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abx test-flac vs. mp3 320 crb, mp3 320 (fake?) test
pixote
post Oct 28 2011, 15:14
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hi
i m new here on this forum
i ve heard a little about the abx blind test
i must say that i don t know much about such things
my music is in flac format and i convert that flac in foobar to mp3 320kbps cbr,
can someone explain me how and where i can make a test where i can see if there s a diference in sound between
flac and mp3 320 cbr (converted form the same flac)
and i want to ask you something else: i have a lot music in mp3 320 from the net, is it possible that i test that music somehow if it is fake mp3 320kbps (someone could convert it from 128 to 320 and upload that on the net as 320kbps)
?
thanks in advance for answering me
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stranhoROX
post Oct 28 2011, 15:28
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You can use foobar2000 to perform ABX tests after downloading the ABX component. It works this way, you'll have to guess which song is which. Try it about 15 times. If the probability is low, then probably you can spot the difference.

And yes, you cannot know the past of downloaded songs.
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pixote
post Oct 28 2011, 15:43
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i ve downloaded the foobar abx comparator (foo_abx.dll) and copied it in the foobar folder
where must i go now to make the test?
and you wrote: If the probability is low, then probably you can spot the difference,
you have thought if the propability of my guessing of the song i high, than there is a difference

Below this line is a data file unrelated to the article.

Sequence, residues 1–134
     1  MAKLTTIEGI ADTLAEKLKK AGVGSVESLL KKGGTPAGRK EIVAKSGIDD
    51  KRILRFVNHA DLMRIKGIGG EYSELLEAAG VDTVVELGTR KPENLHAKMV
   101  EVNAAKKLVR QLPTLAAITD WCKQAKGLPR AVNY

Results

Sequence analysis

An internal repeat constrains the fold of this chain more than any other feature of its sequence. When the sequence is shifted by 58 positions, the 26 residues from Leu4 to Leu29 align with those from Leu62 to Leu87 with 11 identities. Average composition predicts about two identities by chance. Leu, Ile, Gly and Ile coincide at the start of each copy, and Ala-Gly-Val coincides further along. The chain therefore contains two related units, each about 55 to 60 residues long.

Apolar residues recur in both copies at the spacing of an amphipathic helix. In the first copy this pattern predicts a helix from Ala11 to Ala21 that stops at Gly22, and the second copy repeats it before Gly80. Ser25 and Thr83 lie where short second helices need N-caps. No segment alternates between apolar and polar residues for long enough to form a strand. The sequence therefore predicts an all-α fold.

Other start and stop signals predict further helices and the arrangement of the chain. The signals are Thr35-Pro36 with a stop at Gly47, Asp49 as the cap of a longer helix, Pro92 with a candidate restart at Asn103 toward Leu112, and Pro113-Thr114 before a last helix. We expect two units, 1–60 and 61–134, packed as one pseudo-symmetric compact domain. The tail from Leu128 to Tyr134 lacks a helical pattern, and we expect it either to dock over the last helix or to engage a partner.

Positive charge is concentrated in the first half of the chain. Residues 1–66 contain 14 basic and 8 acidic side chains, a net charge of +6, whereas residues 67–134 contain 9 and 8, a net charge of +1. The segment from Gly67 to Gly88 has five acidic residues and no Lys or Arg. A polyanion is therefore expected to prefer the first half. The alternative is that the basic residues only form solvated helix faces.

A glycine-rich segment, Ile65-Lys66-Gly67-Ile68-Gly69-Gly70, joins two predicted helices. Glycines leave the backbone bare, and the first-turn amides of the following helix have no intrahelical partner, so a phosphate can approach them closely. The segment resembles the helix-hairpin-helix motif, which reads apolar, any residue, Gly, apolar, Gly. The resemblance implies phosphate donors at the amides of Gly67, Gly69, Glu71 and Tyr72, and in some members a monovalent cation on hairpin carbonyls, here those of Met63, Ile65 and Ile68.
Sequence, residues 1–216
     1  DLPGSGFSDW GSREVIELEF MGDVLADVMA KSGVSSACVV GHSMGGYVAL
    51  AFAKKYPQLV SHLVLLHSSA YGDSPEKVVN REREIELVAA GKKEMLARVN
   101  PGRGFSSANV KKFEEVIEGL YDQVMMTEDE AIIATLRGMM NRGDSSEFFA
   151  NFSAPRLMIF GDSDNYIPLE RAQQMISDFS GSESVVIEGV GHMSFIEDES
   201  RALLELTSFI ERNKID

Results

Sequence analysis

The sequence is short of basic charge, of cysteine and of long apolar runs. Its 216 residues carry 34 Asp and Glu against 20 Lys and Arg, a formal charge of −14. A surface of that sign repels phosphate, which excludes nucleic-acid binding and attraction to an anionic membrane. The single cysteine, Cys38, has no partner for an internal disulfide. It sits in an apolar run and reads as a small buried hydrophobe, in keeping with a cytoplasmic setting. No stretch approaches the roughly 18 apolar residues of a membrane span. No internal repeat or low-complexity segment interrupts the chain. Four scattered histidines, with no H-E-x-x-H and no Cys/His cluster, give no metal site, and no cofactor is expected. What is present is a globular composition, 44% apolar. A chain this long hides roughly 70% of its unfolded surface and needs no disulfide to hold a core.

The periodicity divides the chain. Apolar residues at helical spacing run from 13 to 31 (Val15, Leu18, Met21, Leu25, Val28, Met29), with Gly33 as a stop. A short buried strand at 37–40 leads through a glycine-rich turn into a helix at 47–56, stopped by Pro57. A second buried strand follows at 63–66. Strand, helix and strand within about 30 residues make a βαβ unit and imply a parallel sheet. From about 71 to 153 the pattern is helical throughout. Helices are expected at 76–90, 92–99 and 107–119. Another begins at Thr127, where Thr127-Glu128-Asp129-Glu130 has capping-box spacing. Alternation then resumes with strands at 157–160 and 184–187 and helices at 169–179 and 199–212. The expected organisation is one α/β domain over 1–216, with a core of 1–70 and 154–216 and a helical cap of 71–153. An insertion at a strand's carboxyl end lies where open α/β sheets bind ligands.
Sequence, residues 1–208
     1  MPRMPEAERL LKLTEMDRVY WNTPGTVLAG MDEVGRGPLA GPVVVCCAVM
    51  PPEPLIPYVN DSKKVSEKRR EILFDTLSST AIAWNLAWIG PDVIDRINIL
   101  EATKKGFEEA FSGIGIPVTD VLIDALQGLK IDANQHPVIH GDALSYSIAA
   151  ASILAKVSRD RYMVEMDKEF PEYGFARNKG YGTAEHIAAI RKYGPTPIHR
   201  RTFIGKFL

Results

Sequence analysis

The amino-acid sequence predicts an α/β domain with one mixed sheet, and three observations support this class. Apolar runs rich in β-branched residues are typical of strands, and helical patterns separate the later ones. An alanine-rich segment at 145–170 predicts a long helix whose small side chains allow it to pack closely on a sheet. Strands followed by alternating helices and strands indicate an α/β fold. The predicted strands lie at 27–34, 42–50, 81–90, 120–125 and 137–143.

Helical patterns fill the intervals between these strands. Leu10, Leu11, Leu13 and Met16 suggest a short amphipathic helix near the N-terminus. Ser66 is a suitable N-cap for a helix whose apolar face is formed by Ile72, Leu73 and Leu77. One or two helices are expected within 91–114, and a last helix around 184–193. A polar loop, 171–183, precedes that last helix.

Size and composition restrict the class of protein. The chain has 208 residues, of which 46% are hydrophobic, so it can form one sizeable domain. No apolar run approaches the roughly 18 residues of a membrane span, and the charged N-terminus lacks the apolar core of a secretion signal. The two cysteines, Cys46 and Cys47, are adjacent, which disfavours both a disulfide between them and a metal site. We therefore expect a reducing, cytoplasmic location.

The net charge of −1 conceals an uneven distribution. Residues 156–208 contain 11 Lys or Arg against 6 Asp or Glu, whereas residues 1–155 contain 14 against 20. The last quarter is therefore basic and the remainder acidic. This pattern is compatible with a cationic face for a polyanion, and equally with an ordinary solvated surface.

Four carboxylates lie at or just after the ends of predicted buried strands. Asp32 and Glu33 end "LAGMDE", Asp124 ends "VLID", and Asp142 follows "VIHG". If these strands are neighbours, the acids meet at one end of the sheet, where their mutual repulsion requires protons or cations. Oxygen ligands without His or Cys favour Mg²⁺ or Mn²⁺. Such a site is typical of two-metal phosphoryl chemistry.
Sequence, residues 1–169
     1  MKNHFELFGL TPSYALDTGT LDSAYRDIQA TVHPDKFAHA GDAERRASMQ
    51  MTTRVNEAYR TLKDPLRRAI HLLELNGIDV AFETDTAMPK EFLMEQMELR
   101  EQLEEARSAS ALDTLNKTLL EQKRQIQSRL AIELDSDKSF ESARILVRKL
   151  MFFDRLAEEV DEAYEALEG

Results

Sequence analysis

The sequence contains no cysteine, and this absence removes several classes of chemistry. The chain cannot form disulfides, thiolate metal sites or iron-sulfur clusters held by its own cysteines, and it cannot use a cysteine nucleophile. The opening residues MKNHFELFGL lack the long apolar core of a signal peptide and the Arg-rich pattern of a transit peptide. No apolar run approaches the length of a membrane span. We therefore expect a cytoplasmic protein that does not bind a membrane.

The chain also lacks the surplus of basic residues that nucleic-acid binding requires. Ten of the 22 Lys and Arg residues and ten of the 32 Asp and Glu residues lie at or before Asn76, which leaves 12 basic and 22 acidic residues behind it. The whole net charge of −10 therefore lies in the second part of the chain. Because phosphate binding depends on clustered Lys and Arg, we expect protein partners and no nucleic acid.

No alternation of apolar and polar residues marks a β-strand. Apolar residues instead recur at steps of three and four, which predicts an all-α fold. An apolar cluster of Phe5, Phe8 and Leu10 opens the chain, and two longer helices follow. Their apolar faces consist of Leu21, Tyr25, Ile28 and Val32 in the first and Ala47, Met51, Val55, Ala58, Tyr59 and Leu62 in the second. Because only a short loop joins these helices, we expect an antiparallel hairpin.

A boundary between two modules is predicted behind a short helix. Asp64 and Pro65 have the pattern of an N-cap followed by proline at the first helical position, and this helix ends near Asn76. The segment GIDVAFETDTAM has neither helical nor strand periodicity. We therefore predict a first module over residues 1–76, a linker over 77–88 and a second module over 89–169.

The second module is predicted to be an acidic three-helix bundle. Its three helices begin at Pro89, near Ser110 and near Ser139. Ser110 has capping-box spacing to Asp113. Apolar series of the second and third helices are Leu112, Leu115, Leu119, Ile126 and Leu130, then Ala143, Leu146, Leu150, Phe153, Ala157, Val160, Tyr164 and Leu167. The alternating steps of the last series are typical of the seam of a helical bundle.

and if the probabilitiy of guessing which is which song is low, than i can t hear the diference
am i right ?
(i write that because i don t speak and write english very good)
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db1989
post Oct 28 2011, 15:57
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Select the two tracks (e.g. the uncompressed WAV and the compressed MP3), right-click, and choose the option to ABX.

Yes, the p-value is the probability of achieving the same results by selecting randomly/guessing. Thus, to be confident that you did identify a difference between the tracks, p must be low. The usual significance level is p<0.05; that is, a less than 5% chance of achieving the same test results by guessing. (This is standard throughout the sciences.) So, if you achieve a p-value of more than 0.05 (what do people do with a p of exactly 0.05, btw?), it means that your test has less power to indicate an actual difference.
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pixote
post Oct 28 2011, 16:14
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i ve added two songs in foobar ,
first is in wav.format, the second is the same song converte in mp3 320kbps cbr,
i selected this two songs and and made the right click and i don t have the option abx test
what went wrong?
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tpijag
post Oct 28 2011, 16:37